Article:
Battling Malaria: on the Front Lines Against a Global Killer
The Society of School Librarians International named "Battling Malaria" as best science book for grades 7 to 12 for 2011.
What the reviewers are saying:
"Battling Malaria is a fantastic overview of one of the world's deadliest killers! From the trained scientist who simply wants a review of this global disease to the high school student who is just beginning to understand the life-cycle complexities of a single-celled parasitic organism, readers will appreciate this very nice overview of the challenges that malaria poses for mankind." --Science Books & Films
"The book could easily be used as supplemental material for units on microbiology, parasitism, or biomedical advances. Its depth of content makes it suitable for reading, research, and as a source of material for debates. Additional resources included in the book are a malaria timeline and sources of information for students." -- National Science Teachers Association
ďI became engrossed in this book as soon as I picked it up. I found the chapter describing the history of the disease, "Malaria Through the Ages," particularly fascinating. Tracing the record of the disease from ancient Egypt through the observations of George Washington and an apparent outbreak described in Little House on the Prairie, the author covers both medical and public health aspects.Ē (National Science Teachers Association)
Introduction to Battling Malaria
I dedicated this book to the Bill and Melinda Gates Foundation for its extraordinary generosity in the fight against malaria, and to the thousands of doctors, nurses, and other healthcare workers who give their time and experience to fight malaria and other diseases of poverty around the world.
U.S. physician Terrence Smith has worked in medical clinics in Thailand and Myanmar (also called Burma) in Southeast Asia. He describes a scene that is typical in these and many other nations around the world. "Mothers carry their children through the forest to the clinic in their arms or wrapped in a shawl on their backs," Smith says. "The children have malaria, and they are too weak to cry, too weak even to swat the flies away from their faces. The children donít complain when they are in pain. The mothers are stoic and donít complain either, even when they fear their children will die. Malaria is so common that it goes untreated.... Mothers usually donít bring their children into the clinic until the child is very sick and suffering the complications of severe malaria, such as seizures or unconsciousness."
If the World Health Organization (WHO; an agency of the United Nations) had a most wanted list of dreaded diseases, malaria would make the top three, along with HIV/AIDS and tuberculosis. Malaria sickens between three hundred million and five hundred million people around the world each year. Thatís more than the combined population of the United States and Canada.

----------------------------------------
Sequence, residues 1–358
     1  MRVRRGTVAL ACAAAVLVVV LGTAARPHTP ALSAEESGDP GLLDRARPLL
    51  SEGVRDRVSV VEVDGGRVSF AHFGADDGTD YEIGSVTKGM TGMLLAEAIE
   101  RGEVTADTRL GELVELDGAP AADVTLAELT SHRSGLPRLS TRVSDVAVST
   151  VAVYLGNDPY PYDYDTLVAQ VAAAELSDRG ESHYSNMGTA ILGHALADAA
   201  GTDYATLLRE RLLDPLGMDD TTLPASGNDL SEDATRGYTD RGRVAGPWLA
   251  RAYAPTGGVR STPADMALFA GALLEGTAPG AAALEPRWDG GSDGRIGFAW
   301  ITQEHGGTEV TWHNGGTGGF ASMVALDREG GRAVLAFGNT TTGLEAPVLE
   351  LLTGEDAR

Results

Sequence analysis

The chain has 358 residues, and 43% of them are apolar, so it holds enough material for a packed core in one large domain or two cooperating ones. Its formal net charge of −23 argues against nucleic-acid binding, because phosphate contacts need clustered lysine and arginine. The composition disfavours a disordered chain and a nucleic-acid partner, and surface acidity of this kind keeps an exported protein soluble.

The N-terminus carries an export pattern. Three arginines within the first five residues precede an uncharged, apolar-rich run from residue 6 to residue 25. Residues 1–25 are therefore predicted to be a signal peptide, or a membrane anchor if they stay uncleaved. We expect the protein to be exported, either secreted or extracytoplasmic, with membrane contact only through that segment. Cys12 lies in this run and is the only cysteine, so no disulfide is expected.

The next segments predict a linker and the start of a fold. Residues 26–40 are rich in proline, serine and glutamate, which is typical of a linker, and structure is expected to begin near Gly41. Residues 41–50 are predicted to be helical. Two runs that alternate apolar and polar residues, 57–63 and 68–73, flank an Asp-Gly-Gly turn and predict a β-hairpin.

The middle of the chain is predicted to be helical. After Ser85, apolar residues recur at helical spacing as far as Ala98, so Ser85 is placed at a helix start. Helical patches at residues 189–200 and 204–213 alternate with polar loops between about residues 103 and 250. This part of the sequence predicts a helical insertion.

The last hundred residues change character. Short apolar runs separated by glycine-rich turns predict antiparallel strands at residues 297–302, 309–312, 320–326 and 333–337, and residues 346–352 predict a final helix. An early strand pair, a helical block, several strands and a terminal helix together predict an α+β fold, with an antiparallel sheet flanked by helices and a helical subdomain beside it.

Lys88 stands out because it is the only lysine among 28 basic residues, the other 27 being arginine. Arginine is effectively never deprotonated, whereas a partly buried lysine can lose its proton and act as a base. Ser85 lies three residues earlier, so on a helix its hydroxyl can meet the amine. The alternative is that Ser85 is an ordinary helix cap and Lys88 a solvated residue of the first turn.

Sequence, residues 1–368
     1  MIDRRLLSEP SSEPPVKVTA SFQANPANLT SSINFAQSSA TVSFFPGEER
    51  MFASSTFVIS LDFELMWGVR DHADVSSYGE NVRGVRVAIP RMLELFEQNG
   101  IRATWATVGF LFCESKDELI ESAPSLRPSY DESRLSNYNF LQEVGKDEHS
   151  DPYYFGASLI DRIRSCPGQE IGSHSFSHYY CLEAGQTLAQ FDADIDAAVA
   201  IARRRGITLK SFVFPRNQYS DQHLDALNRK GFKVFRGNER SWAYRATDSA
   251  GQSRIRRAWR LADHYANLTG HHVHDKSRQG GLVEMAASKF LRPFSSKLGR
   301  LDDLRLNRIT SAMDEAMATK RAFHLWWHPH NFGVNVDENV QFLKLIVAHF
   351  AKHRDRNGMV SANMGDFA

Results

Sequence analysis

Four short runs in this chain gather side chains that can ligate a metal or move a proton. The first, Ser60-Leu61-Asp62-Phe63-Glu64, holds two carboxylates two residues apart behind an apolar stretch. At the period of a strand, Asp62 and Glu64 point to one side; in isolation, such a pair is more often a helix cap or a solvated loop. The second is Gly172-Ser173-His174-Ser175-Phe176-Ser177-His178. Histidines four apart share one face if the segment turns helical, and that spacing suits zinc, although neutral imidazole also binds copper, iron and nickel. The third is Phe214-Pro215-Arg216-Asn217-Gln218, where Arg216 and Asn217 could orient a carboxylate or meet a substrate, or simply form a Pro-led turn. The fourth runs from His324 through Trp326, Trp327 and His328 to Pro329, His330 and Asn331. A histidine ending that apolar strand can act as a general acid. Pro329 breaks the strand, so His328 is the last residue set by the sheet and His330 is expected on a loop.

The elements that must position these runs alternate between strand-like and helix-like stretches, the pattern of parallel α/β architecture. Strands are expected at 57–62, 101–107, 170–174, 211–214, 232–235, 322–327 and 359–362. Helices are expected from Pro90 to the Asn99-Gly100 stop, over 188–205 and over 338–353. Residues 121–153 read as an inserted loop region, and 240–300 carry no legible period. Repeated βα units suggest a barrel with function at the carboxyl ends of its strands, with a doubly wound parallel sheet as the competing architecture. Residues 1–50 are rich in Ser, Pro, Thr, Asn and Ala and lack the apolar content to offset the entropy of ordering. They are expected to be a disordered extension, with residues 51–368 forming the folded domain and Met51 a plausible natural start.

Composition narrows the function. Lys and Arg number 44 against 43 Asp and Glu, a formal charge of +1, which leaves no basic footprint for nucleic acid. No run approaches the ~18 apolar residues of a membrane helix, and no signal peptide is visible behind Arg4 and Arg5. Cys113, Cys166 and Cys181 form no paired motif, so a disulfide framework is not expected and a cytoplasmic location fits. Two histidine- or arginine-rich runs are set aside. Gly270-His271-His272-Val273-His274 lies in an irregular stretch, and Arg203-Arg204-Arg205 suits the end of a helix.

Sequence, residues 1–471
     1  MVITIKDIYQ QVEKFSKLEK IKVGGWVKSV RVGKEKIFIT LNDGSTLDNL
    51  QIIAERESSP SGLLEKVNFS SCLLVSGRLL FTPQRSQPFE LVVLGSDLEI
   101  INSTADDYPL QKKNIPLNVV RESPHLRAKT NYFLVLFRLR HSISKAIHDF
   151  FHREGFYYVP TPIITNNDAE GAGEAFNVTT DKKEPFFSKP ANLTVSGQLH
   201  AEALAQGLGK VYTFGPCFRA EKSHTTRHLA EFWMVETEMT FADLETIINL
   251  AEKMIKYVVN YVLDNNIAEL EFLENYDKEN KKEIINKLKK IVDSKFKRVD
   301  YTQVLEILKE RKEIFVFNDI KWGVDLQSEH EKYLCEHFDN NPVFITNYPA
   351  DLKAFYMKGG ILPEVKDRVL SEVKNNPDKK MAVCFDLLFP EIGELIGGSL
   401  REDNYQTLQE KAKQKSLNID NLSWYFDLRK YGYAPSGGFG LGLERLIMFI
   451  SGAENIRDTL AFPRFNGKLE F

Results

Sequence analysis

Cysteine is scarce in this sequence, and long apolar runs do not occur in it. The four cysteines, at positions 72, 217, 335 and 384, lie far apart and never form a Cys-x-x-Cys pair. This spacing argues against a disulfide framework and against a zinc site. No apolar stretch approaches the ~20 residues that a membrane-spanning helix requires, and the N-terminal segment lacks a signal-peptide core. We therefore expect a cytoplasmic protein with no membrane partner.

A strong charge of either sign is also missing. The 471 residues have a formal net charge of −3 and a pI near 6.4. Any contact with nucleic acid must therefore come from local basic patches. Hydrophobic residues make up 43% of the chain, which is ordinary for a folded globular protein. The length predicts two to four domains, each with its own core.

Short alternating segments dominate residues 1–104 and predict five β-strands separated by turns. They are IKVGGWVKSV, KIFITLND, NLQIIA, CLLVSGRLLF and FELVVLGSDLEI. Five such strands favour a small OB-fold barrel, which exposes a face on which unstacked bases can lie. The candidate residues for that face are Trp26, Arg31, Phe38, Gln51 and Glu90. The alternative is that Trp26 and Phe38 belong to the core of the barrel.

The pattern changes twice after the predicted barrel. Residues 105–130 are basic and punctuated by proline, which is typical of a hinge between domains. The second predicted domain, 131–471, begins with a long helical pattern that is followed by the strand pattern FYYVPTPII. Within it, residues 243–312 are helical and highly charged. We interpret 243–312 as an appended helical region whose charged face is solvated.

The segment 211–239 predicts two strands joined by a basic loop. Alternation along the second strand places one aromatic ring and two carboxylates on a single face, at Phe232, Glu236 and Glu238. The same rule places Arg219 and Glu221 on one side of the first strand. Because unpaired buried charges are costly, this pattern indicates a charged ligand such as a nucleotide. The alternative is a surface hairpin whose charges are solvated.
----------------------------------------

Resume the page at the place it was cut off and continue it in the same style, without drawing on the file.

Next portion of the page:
Not only does malaria make a lot of people sick, itís a major global killer. More than one million people die from malaria each year. In Africa one child dies of malaria every thirty seconds. On the day you read this chapter, malaria will kill three thousand people. Most of them will be young children.
Malaria is caused by a tiny parasite. A parasite is an organism that lives in or on another organism known as the host. As they feed and reproduce, parasites often make their hosts sick. The malaria parasite spends part of its life cycle in humans and part in mosquitoes. The parasite needs both humans and mosquitoes to survive. People do not usually catch malaria from one another. In most cases, malaria passes from person to person by the bite of infected mosquitoes.
Malaria has been sickening and killing people for thousands of years. In the mid-twentieth century, The WHO and other groups made great strides in wiping out the disease. They conquered malaria in some places and sharply curbed it in others.
The victory was short-lived, however. In the late twentieth century, malaria stormed back in much of the world. Not only has malaria returned to some areas, it is also spreading to new areas. The disease has become more dangerous as well. It sickens more people than ever before and makes people sicker than in the past.
About half the worldís people live in malaria-stricken countries. Many of these countries are among the poorest in the world. Countries cannot thrive when their citizens live with constant illness and poverty. Around the world, scientists, health workers, governments, and private organizations are working to prevent malaria, lessen its spread, and better treat people who get the disease. If we can control malaria, millions of people around the world will enjoy healthier lives.